How to Participate in a Virtual Meeting

We’ve noticed a rise in virtual events in the last year. It’s fantastic, in my opinion. Organizations are really picking up their game when it comes to the virtual conference experience, and virtual programmes offer some significant advantages.

A recent online discussion that I witnessed prompted me consider attending virtual conferences. People were expressing that they “couldn’t get into” the virtual component. Virtual events aren’t precisely the same as in-person events, but that doesn’t make them any less useful.

I just attended a few of virtual conferences and decided to write about my experience. This was a beneficial practise for my personal and professional growth. I hope you find my recommendations useful as well.

Virtual conferences aren’t the same as lengthy webinars. One of the reasons I enjoy virtual conferences is because they are not simply a series of extended webinars. There’s nothing wrong with webinars, but they’re not the same as in-person meetings. Virtual conferences are conferences, therefore I prepare for them the same way I would for an in-person gathering. It’s tempting to just go online and listen to a session, but I found that treating the event like a conference allowed me to get so much more out of it.

Determine what aspects of conferences you appreciate, both professionally and personally. Professionally, we attend conferences for the purpose of learning and networking. The exhibition hall and bookshop are on our list of places to visit. On a personal level, I enjoy attending conferences to test out new productivity tools, learn about new places, locate a good cheeseburger, and take pictures. It’s not difficult for me to concentrate on the education while I’m at a virtual conference. However, I will have to put in a bit more effort to network and attend the online expo. While I don’t get to go to new places, I do attempt to eat new cheeseburgers (locally, of course). Employee development software is also something you should be looking for.

Make a timetable for yourself. It’s simpler for me to unplug from my daily work when I’m at an in-person conference. Work might be glaring at you all the time during a virtual meeting. I’ve discovered that scheduling sessions in blocks helps me to relax and enjoy the event while keeping my inbox under control. One of the benefits of virtual events is that I don’t have to choose between two excellent sessions that are planned at the same time. I can watch one in real time while filming the other.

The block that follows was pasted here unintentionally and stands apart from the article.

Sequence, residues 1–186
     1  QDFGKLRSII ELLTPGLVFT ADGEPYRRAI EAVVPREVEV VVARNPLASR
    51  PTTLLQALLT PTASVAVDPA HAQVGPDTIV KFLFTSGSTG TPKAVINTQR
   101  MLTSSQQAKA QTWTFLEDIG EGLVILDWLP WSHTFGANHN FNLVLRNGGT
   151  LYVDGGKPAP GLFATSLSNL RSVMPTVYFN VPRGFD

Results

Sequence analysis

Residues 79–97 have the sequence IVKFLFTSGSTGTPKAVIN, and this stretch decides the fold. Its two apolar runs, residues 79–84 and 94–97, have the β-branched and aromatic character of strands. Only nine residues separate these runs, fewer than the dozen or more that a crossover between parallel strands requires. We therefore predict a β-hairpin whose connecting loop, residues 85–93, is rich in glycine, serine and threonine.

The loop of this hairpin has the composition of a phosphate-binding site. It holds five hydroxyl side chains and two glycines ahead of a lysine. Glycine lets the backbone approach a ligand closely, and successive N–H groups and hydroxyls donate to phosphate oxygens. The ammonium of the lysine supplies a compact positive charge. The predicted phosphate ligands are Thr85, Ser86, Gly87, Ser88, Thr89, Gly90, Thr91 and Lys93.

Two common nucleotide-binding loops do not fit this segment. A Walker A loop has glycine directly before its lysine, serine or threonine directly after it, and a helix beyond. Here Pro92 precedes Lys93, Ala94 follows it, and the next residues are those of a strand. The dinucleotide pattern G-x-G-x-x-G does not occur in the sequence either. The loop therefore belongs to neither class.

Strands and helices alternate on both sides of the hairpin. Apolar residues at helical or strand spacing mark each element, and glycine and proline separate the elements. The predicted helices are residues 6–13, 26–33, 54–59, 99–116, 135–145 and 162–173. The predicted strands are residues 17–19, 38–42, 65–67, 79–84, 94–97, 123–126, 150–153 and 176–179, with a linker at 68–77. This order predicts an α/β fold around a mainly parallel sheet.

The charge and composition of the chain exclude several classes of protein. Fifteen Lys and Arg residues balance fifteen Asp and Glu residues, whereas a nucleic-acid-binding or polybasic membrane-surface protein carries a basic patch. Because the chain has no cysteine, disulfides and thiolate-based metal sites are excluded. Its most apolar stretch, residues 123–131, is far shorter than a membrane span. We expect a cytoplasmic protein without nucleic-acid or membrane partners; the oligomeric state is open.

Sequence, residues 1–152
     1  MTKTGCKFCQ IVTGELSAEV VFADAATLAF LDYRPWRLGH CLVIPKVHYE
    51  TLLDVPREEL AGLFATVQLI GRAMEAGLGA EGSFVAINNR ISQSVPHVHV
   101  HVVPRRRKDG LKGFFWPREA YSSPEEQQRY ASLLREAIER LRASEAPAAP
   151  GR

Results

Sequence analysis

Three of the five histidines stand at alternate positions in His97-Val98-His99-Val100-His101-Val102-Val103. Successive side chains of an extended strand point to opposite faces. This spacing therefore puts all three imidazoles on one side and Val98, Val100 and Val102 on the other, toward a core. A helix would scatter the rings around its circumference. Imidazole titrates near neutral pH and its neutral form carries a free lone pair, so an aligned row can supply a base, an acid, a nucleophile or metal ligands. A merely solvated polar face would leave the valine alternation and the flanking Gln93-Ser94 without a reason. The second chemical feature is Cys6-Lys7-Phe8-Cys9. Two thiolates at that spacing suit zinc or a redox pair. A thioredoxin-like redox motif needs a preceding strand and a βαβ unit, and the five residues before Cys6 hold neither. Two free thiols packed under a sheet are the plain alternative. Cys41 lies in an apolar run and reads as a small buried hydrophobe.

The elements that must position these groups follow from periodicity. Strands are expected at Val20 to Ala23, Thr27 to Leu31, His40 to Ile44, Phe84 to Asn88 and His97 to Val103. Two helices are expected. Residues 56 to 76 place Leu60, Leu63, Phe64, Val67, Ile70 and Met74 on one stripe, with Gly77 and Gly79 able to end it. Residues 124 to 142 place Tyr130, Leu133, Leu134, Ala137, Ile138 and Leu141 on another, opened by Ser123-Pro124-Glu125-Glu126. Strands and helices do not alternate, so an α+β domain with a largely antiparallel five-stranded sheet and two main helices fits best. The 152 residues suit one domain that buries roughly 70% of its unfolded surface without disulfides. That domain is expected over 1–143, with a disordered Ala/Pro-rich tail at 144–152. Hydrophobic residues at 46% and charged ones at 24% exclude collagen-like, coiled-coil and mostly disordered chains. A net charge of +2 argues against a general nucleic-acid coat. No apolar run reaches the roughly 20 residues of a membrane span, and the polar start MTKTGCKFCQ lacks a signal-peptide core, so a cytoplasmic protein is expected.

Don’t try to multitask! This section is quite difficult!! My objective while attending a virtual event is not to multitask. My attention is drawn to the speaker. This has proven to be a significant factor in my pleasure of the programme. I don’t get as much out of a session if I start multitasking. As a result, I dismiss all of my browser tabs and concentrate just on the application. Sure, I might tweet something, but that would be at a live event.

Make a mental note of everything. Getting a notebook is one of my favourite aspects of attending in-person conferences. I enjoy writing on paper and taking handwritten notes. It aids comprehension in my opinion. Even during a virtual meeting, I take notes in a notebook that I call my conference notebook. It’s ideal for a multi-day gathering. I’ll be able to take it up and put it down as needed. It also doesn’t make a mess on my desk.

Take part in the discussion. If you’re lacking human interaction, the chat room is a good place to start (or backchannel). One of my favourite aspects of the conversation is that it continues during the whole session. So, if a speaker mentions a book and you don’t know what it’s called, you may inquire in the discussion. Can’t seem to locate the slides? You can inquire in the chat room. In the discussion, participants are exchanging LinkedIn profiles. The conversation is really active. You have the freedom to engage as much or as little as you like.

Make a backup plan. Okay, I hate to be the bearer of bad news, but virtual conferences necessitate the use of technology. Even the most advanced technologies may go haywire at times. If this occurs, simply schedule a later viewing of the remainder of the session. Have a Plan B of anything you’d want to accomplish since you’ve blocked out the time on your schedule. As though you were in a face-to-face meeting. Do you want to leave a session early? I’m not sure what I’ll do with an additional 20 minutes.

Again, I’m not implying that virtual conferences are identical to in-person meetings. That isn’t to say that virtual events aren’t beneficial. Creating a virtual conference strategy, in fact, may be beneficial to your professional development. It has the potential to motivate us to learn in new ways.

Individuals may want to attend more virtual events for a variety of reasons. The good news is that conference planners are putting forth a lot of effort to provide a high-quality virtual experience. However, it does imply that we must arrive with distinct expectations and a game plan in order to fully appreciate the event.